Monday, October 16, 2017

Love and Response

Several years ago I gave some good advice to a struggling, depressed young adult. Basic things, really: Go to bed at the same time every night, get up at the same time every morning, brush your teeth and get dressed rather than lying around moping until all hours. Eat properly. Exercise. Clean up after yourself. Jordan Peterson stuff, but before everybody knew who Jordan Peterson is.

Clearing Out the Static

I’ve been there myself and discovered most these things the hard way. Putting them into practice won’t solve your major problems, of course, but it has the effect of clearing out the “background noise” in one’s life and allowing one to isolate and deal with one’s real issues.

It was advice given lovingly and with the best of intentions. But it wasn’t heeded, and no benefit resulted.

Well, no immediate benefit anyway. A few years passed and a doctor offered precisely the same advice, not out of love but because she was getting paid for it. Lo and behold, the results are remarkable. Not a complete solution, of course, but a solid start down the right road.

But that’s one thing about love: you have to respond to it correctly to benefit from it. Another is that love’s recipients frequently fail to recognize it for what it is.

Young and Rich

Familiar story: As Jesus is leaving the Jordan area, a young man runs up to him, kneels and asks him, “Good Teacher, what must I do to inherit eternal life?”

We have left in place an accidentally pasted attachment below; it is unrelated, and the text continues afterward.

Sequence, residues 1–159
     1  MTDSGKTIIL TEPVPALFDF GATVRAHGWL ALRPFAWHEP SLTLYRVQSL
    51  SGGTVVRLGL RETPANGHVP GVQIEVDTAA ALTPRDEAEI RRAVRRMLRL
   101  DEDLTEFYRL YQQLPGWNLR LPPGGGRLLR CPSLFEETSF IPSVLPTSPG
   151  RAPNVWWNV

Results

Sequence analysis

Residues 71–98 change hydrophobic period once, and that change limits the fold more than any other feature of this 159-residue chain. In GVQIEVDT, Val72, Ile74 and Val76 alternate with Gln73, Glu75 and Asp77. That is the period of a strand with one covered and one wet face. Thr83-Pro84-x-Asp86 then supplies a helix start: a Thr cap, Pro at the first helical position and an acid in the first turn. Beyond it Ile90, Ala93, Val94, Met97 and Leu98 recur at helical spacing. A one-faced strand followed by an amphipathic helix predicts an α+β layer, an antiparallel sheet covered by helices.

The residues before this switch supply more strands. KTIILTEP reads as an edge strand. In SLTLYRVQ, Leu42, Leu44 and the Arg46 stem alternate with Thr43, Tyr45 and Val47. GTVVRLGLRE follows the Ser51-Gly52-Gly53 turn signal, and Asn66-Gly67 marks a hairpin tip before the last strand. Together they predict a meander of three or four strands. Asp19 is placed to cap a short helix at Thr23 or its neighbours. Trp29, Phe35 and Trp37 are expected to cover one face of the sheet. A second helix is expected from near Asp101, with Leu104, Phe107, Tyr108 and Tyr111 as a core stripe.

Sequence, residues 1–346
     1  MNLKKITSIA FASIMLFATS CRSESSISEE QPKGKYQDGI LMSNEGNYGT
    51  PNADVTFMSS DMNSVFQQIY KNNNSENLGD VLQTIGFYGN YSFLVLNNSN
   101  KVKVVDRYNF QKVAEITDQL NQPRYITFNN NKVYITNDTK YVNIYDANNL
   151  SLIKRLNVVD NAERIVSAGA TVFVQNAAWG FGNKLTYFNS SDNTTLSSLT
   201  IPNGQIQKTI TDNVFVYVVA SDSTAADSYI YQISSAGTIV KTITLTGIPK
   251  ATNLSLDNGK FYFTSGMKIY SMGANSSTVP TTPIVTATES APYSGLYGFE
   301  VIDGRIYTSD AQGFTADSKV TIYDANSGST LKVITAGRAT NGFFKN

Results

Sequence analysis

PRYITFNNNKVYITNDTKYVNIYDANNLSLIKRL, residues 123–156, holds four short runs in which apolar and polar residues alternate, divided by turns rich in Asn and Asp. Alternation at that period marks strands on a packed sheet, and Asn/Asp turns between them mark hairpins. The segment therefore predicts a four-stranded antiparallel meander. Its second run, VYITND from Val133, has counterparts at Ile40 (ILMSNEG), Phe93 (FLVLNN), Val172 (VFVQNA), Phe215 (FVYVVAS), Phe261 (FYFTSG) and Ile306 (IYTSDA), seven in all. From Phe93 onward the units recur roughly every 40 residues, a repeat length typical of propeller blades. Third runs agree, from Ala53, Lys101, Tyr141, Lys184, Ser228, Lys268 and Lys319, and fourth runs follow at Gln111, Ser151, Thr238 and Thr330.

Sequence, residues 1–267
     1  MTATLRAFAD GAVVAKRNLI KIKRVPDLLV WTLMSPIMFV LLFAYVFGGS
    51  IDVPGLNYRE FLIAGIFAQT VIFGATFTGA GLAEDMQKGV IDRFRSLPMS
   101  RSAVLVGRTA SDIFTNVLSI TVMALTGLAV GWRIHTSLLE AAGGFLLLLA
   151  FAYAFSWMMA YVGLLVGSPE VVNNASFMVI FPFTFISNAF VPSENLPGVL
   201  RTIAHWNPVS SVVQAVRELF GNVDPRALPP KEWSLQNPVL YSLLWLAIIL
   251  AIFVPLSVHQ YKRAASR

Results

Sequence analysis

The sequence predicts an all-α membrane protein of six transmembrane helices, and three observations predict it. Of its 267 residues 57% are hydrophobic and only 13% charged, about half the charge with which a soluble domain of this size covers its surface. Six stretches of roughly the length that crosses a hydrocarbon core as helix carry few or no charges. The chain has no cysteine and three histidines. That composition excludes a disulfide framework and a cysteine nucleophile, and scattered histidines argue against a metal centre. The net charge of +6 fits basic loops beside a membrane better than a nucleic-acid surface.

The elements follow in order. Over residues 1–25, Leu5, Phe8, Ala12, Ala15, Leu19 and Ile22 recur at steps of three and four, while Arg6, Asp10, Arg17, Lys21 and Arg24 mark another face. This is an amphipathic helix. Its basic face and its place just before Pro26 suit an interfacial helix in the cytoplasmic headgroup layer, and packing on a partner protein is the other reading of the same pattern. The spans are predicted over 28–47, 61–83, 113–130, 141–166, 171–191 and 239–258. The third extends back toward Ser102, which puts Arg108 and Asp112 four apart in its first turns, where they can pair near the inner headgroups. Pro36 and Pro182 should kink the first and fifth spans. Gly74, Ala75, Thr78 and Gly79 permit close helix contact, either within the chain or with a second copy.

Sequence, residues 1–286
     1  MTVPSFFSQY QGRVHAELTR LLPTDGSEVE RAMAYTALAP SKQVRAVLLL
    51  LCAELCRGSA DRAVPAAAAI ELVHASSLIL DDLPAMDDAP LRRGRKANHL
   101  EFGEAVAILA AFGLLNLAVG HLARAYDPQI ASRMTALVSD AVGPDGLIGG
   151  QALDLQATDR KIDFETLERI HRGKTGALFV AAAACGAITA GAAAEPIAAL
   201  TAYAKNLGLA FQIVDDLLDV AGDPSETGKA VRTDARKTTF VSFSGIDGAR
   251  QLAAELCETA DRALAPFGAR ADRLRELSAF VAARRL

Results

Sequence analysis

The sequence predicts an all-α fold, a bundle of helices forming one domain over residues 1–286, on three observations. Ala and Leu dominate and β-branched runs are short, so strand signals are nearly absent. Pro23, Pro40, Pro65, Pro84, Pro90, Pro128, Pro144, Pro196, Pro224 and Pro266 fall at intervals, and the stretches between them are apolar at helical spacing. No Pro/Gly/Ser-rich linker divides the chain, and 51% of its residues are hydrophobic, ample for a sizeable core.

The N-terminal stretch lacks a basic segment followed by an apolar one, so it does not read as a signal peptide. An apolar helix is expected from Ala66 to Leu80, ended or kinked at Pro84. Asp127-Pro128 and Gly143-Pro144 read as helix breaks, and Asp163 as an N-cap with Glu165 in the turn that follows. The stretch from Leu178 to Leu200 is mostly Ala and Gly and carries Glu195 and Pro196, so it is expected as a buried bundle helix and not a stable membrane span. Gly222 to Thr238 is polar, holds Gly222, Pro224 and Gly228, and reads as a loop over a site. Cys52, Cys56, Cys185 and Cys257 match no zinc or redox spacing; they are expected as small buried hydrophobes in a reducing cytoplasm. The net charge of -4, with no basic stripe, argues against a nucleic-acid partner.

The basis of Jesus’ response to him is love. Mark says, “Jesus, looking at him, loved him.” So the next words out of the Lord’s mouth — “Go, sell all that you have and give to the poor, and you will have treasure in heaven; and come, follow me” — are not coming from a desire to be proven right (“This’ll show him!”) or from an impulse to provide an object lesson for his disciples (though doubtless they benefited from the teaching that followed). And sure, the poor would also have benefited, but I doubt that was the Lord’s primary interest. There’s no end of need, after all, and the sum of all this man’s wealth was only a drop in a very large ocean. In the grand scheme of things it wouldn’t do much, and the Lord knew that.

The Best Possible Outcome

No, it was love. Pure love. He wanted the very best possible outcome for this young man. He was offering him the greatest gift he could possibly offer at the time: the opportunity to see Messiah up close, learn from him and participate in his labors with him. But he could see that the distractions caused by this young man’s need to manage his financial affairs would make such a lifestyle impossible. You probably have friends of the same type: you’re trying to have fellowship with them over lunch and they’re glued to their iPhone. You’re loving them, and they don’t benefit.

Not only that, but the young man goes away sorrowful. He sees the Lord’s offer as a burden too onerous to bear, rather than the gracious opportunity to free himself up from his real burdens and live the life he was made for. Whatever he may have thought of the Lord’s answer, he fails to recognize his love for what it is.

Today, we think love is giving people what they are asking for. But the Lord shows that love often manifests itself in giving people what they can’t appreciate and don’t want, and in demanding from them precisely what they most want to retain for themselves.

Think on that one for a while.

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